where

The rate of generation of heat per unit length from the Joule effect is

Using next boundary conditions:

where the subscripts *n* and *p* are for the n-type and p-type elements, respectively. From Equation (10), we find for the cooling power at the cold side

where

and the electrical resistance of the two legs in series is

### 3.2. Coefficient of performance

The total power consumption in the TEC system is

then, the coefficient of performance in a TEC system is defined as [21]

## 4. Thomson effect impact on performance of a two-stage TEC

### 4.1. One-dimensional formulation of a physical two-stage TEC

To determine analytical expressions of cooling power and coefficient of performance in a two-stage TE system, we establish one-dimensional representation model, as shown in Figure 2. When a voltage is applied across the device, as a result, an electric current,

### 4.2. TEC electrically connected in series

Considering model from Figure 2, we get temperature distributions for p-type and n-type semiconductor legs in each stage.

and for the second stage, with

where

with *COP,* is determined by

Performance depends on Thomson coefficients values of both the first stage and the second stage. In our results, we show the role of the ratio values of the Thomson coefficients,

where

#### 4.2.1. Influence of Thomson effect on performance (COP) and cooling power (Q c )

Two different materials were used for calculations, thermoelectric properties are shown in Table 1, where only Seebeck coefficient is consider that depends on temperature.

With

Figure 3 shows the *COP* and the cooling power *COP* behaviour is influenced directly by the Thomson effect ratio of both stages. *COP* values increase when there is an increase in the ratio *I.* We must notice that for lower values of *COP* values are very closely one with another, with a maximum difference of 17% as compared an electric current value of 1 *A* with an electric current of 4 *A,* when *COP* values increase for all the different electric current values.

Similar behaviour, to what happens with the performance *COP*, happens for the cooling power *A* is 11 % higher compared with electric current values of 4 *A,* when

### 4.3. TECs electrically connected in parallel

Now, we analyse the case in which different electric currents flow in each stage of the system (Figure 4). The ratio of electric currents between each stage is given by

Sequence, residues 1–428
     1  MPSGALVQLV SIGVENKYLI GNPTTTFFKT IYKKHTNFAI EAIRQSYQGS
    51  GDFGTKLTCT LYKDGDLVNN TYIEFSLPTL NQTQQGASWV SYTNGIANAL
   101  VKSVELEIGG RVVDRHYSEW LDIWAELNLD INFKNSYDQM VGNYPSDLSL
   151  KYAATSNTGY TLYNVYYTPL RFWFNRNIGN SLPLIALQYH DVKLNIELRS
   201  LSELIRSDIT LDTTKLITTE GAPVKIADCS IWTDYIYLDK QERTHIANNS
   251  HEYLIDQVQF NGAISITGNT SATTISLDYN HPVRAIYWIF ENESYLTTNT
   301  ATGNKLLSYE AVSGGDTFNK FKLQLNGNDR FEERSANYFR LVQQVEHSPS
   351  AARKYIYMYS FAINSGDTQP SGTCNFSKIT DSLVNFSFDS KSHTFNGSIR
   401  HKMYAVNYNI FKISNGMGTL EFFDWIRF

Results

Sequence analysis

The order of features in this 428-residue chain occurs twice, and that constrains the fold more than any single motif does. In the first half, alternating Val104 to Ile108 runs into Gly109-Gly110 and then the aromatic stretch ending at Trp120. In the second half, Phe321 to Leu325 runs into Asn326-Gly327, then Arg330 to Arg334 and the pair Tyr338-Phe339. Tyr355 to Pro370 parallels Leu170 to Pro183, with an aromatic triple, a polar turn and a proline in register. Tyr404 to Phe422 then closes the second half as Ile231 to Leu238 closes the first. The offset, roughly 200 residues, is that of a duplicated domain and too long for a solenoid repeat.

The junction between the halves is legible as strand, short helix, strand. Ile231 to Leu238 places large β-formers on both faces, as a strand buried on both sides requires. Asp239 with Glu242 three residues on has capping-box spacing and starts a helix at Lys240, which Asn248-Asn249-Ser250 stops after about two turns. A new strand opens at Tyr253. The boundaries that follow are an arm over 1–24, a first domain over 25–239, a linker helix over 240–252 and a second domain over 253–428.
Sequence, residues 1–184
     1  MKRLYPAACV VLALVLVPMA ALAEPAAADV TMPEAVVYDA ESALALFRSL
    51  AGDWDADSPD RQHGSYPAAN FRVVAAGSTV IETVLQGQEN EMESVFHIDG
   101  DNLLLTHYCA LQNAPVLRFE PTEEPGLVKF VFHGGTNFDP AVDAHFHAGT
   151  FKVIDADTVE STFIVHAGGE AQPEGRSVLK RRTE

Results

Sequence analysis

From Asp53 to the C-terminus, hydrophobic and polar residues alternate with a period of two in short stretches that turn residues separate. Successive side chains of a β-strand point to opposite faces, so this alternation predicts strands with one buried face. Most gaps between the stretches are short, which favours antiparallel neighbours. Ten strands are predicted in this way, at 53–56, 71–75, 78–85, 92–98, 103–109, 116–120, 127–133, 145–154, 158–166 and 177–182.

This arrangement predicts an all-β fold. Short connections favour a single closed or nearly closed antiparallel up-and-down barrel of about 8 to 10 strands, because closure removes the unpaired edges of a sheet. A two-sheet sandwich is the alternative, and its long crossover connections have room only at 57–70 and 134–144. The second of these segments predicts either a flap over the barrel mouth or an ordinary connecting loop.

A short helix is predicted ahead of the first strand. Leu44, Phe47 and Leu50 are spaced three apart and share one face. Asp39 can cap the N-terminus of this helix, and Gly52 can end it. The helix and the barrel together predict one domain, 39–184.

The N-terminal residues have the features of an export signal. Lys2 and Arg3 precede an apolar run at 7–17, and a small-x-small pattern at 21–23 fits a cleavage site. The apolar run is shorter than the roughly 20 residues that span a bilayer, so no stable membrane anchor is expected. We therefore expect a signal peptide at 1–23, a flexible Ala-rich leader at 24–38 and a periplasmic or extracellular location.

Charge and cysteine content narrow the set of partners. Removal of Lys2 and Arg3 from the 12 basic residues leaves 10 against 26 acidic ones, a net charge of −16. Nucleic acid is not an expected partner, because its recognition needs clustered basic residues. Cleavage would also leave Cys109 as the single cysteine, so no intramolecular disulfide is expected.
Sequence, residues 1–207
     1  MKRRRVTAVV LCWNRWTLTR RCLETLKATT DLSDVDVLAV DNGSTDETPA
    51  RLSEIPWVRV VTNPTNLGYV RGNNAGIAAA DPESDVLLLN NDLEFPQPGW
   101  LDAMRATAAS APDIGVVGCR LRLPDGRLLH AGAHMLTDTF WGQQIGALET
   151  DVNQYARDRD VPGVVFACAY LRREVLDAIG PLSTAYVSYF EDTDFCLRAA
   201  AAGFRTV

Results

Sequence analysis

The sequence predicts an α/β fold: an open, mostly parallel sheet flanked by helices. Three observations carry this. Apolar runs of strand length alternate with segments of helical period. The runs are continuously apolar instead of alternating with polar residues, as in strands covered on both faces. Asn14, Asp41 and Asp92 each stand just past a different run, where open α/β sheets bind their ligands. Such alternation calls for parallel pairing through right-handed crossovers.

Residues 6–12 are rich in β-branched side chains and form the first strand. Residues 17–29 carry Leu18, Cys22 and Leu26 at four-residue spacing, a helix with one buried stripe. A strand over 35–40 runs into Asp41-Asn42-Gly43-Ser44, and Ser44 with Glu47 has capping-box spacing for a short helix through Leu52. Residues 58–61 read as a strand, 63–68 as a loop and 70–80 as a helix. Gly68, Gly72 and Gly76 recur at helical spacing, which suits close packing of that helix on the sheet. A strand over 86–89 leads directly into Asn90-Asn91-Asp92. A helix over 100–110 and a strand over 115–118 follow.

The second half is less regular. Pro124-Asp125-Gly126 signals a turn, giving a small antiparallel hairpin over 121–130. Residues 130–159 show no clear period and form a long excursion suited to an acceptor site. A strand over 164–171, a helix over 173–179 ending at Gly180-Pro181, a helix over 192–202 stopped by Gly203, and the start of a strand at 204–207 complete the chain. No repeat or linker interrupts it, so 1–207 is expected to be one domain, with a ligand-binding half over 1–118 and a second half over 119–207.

where

According to the continuity of the heat flow between both stages,

The system’s coefficient of performance, *COP*, is given by

In the previous section, it is shown that *COP* increases for higher values of Thomson coefficient ratio between both stages. The behaviour of the *COP* for the case where two different electric currents flow in the system, shown in Figure 5, is now analysed. Three different values of Thomson coefficients, *COP* in function of the electric current ratio between both stages, *COP* value is obtained for higher values of the ratio *COP*.

## 5. Dimensionless equations of a two-stage thermoelectric micro-cooler

Once it has been investigated the role of the Thomson heat on TEC performance, now a procedure to improve the performance of the micro-cooler based on optimum geometric parameters, cross-sectional area (A) and length (L), of the semiconductor elements is proposed. To optimal design of a TEMC, theoretical basis on optimal geometric parameters (of the p-type and n-type semiconductor legs) is required. Next analysis of a TEMC includes these optimization parameters. The configuration of a two-stage TE system considered in this work is shown in Figure 2. Each stage is made of different thermoelectric semiconductor materials. In order to make Equation (12) dimensionless using the boundary conditions

Dimensionless differential equation corresponding to Equation (12) is given by:

where

that is,

### 5.1. Cooling power: the ideal equation and Thomson effect (τ )

If we consider Seebeck coefficient independent of temperature, Thomson coefficient is negligible (

The resulting equation considering the Thomson effect is given by:

### 5.2. Geometric parameter between stages: area-length ratio (W = *w*1/*w*2)

Figure 6 shows a simple thermocouple with length, *L* and cross-sectional area, *A*. Previous studies proved that an improvement on performance of TECs can be achieved by optimizing geometric size of the semiconductor legs [29, 30]. A geometric parameter,